At the hearing before the learned Subordinate Judge the plaintiff gave evidence and according to his evidence his net income is Rs. 65/- per month derived from purchase and sale of old bottles. His further evidence was that he has seven mouths to feed and the rent of the housewhere he lives with his family is Rs. 26/- per month. There was no evidence given on the side of the opposite party to show that the plaintiff was sufficiently well off or that his evidence should not be accepted. The learned Judge relying on the evidence of the plaintiff held that he was a pauper and made an order accordingly. It is against that order that the present petition has been made to this Court.

3. At the hearing before us the learned Advocate for the petitioner contended that the learned Subordinate Judge did not take into consideration one important fact. He contended that the plaintiff in his evidence admitted before the Court that he has got an ancestral house at Faridpur in Pakistan. The learned Judge did not in his judgment refer to that fact at all, nor did he take that fact into consideration in arriving at his decision. The learned Advocate further contended before us that in view of the fact that in Schedule 'B' referred to above this property was not included the learned Judge should have rejected the application for permission to sue as a pauper under Sub-rule (a) of Rule 5 of Order 33, Civil P. C.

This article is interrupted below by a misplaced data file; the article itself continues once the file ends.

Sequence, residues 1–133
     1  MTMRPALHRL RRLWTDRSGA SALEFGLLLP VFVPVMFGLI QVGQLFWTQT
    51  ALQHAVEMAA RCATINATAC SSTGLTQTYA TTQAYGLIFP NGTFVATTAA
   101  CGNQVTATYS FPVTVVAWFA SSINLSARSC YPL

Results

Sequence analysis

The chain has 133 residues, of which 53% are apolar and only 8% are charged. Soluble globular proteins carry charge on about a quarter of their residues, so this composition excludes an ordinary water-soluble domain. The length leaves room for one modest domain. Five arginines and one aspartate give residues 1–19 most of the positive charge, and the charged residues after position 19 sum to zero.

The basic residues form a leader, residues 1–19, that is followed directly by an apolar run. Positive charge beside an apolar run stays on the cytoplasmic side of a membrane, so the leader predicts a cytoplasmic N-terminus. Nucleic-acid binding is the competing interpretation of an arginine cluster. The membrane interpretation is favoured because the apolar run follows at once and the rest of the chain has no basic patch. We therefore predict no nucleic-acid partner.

4. So far as the second contention of the learned Advocate is concerned we do not agree that the learned Subordinate Judge should have rejected the application under Sub-rule (a) of Rule 5 of Order 33, Civil P. C.

Rule 5 'inter alia' lays down that the court shall reject an application for permission to sue as a pauper (a) where it is not framed and presented in the manner prescribed by Rules 2 and 3 or (b) where the applicant is not a pauper. Rule 2 provides that every application for permission to sue as a pauper shall contain the particulars required in regard to plaints in suits; a schedule of any moveable or immovable property belonging to the applicant with the estimated value thereof shall be annexed thereto, and it shall be signed and Verified in the manner prescribed for the signing and verification of plaints.